There is no doubt, and it is acknowledged, that the decision in the Ritcey case is to be applied in the instant case, which was covered by the agreement of the parties at the time the Ritcey case went to arbitration. The award in the Ritcey case was that the grievance was allowed, and the effect of that would be that Mr. Ritcey would be entitled to an additional payment for the pay period there in question. Therefore, pursuant to the agreement made in this and the other cases, this grievance is to be allowed and the grievor or grievors paid an additional payment for the pay period in question. The issue to be determined, then, is what is the pay period in question.
The union contends that Mr. Gibson and others are entitled to increased overtime pay where work was performed on a general holiday (and where other requirements of payment are met), throughout the period from January 1, 1974 until the time the award was issued, that is, until January 1977.
It will be clear from the foregoing that this claim covers a much larger period of time than that to which the grievance filed on November 1, 1974, could reasonably be taken to have referred. There is nothing in the agreement between the parties that this and other cases would be governed in their result by the award in the Ritcey case which would have the effect of enlarging the claims in those cases. Ritcey’s claim was not enlarged. As I have indicated above, the filing of a grievance, whether of an individual or a policy nature, does not avoid the necessity of filing grievances in the future as claims arise. The company committed itself to apply the Ritcey award to the grievance filed on November 1, 1974 (and to certain other grievances), but is not thereby bound to make payment in respect of periods not covered by those grievances. The award in Case No. 587, then, does not require the company to make any payment under the grievance now before me in respect of any period after the date the grievance was filed. There was no agreement between the parties to that effect.
As to the claim for relief from January 1, 1974, it may be observed that this claim relates in part to a period before the provision relied on became a part of the collective agreement. The matter was dealt with in the arbitration award of Mr. Justice Emmett Hall dated January 16, 1974, and was incorporated into a collective agreement dated May 24, 1974. There is nothing in the material before me as to the extent to which that provision may have had some retroactive effect. This grievance, as has been noted, is dated November 1, 1974.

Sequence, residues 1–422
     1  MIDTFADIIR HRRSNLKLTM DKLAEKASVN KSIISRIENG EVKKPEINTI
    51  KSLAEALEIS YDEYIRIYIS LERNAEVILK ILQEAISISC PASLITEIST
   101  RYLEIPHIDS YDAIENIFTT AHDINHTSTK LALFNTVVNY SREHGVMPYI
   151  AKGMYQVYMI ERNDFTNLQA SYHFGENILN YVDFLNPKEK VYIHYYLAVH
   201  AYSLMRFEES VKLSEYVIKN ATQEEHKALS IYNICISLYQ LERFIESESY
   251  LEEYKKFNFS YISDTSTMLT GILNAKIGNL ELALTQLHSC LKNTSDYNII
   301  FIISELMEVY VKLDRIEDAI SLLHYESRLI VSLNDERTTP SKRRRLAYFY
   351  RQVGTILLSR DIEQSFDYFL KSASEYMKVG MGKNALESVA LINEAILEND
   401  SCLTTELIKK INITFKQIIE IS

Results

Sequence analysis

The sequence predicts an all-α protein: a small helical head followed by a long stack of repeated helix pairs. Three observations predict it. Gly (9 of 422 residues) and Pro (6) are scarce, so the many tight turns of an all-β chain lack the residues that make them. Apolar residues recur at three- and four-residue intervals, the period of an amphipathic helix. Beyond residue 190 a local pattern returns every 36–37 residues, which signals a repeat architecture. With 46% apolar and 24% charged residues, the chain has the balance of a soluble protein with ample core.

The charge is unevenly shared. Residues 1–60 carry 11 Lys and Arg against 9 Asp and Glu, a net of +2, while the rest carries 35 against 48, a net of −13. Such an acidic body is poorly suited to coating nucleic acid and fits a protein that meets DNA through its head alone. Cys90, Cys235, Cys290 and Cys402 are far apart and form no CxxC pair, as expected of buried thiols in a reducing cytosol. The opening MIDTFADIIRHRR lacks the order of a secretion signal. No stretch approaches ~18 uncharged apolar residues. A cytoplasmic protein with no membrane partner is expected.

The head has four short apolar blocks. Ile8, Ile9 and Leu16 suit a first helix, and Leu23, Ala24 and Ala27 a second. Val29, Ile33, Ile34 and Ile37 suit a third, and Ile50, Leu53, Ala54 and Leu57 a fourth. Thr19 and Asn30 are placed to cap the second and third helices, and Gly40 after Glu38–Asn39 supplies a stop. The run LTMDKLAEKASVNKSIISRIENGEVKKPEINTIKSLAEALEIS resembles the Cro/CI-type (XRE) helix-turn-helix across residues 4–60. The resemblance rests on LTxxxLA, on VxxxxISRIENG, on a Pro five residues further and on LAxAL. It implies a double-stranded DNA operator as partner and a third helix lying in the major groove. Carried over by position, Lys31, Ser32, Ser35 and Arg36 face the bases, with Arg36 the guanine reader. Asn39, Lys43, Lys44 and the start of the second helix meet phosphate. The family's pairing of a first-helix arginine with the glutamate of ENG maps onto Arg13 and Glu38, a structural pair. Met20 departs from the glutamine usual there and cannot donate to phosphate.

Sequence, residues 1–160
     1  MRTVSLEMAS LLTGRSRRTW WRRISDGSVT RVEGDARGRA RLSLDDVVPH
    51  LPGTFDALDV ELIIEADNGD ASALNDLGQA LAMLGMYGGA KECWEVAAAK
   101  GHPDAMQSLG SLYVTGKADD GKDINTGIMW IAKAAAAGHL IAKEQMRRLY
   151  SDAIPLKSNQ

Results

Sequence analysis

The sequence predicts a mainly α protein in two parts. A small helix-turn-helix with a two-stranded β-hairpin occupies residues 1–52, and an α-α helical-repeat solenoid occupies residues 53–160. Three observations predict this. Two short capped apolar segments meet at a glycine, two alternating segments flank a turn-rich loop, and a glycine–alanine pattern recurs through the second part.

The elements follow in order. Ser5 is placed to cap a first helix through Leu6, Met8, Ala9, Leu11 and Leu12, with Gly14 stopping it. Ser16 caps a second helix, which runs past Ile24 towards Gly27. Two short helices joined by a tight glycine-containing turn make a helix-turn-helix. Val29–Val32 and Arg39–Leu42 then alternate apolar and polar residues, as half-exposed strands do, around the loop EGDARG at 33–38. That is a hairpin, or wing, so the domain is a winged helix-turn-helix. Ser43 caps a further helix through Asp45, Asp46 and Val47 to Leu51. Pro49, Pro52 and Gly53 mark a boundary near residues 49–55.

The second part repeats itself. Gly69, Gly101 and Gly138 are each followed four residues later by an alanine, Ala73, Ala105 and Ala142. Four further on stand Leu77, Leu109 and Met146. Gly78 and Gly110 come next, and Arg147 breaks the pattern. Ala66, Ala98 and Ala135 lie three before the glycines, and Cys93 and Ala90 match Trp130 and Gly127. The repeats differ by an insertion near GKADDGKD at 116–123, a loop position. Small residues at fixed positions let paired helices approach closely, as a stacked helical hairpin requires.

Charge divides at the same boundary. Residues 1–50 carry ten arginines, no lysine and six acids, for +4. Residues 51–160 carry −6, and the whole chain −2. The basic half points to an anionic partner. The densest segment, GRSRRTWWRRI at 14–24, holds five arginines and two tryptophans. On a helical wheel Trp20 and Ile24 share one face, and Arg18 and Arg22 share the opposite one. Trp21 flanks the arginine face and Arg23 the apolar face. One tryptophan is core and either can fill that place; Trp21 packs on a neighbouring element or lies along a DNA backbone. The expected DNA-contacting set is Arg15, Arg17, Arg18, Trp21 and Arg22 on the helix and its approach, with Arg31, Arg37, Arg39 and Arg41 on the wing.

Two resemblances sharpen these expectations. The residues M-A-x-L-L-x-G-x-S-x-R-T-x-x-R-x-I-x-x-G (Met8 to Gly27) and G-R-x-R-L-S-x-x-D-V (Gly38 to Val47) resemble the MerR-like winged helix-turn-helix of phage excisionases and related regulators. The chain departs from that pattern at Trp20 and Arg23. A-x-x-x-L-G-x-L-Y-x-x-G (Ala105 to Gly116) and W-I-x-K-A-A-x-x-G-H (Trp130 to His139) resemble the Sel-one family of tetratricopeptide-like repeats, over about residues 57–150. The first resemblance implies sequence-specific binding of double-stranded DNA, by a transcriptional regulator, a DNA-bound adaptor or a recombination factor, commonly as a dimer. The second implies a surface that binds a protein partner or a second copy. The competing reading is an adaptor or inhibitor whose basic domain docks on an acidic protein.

Article 24.20 of the collective agreement provides as follows:
24.20 The settlement of a dispute shall not under any circumstances involve retroactive pay beyond a period of 60 calendar days prior to the date that such grievance was submitted at Step 1 of the Grievance Procedure.
According to the company’s submission, Mr. Gibson’s claim was identified as relating to the averaging period running between June 14 and August 8, 1974. After the decision in Case No. 587 was issued the company offered to make the appropriate increase in Mr. Gibson’s pay for that period, and this offer was subsequently extended to other employees covered by the grievance. The material before me does not indicate whether or not similar claims arose with respect to the pay periods between that time, and the time the grievance was filed. If such claims can be made out on their facts, then they should be paid. They would have been within the proper scope of the grievance. Claims for the period preceding September 1, 1974, however, could not be allowed because of the prohibition clearly set out in article 24.20 of the collective agreement. In the circumstances of this case, no objection to timeliness having been raised and the company having considered the grievors as entitled to payment in respect of the June 14 - August 8 pay period, it is my view that that payment should also be considered as one contemplated by the agreement made at the time Case No. 587 went to arbitration.
For the foregoing reasons, it is my award that Mr. Gibson and other employees covered by the grievance be paid any appropriate pay increase for the period June 14 - August 8, 1974, and also in respect of the period from September 1 - November 1, 1974.
(signed) J. F. W. WEATHERILL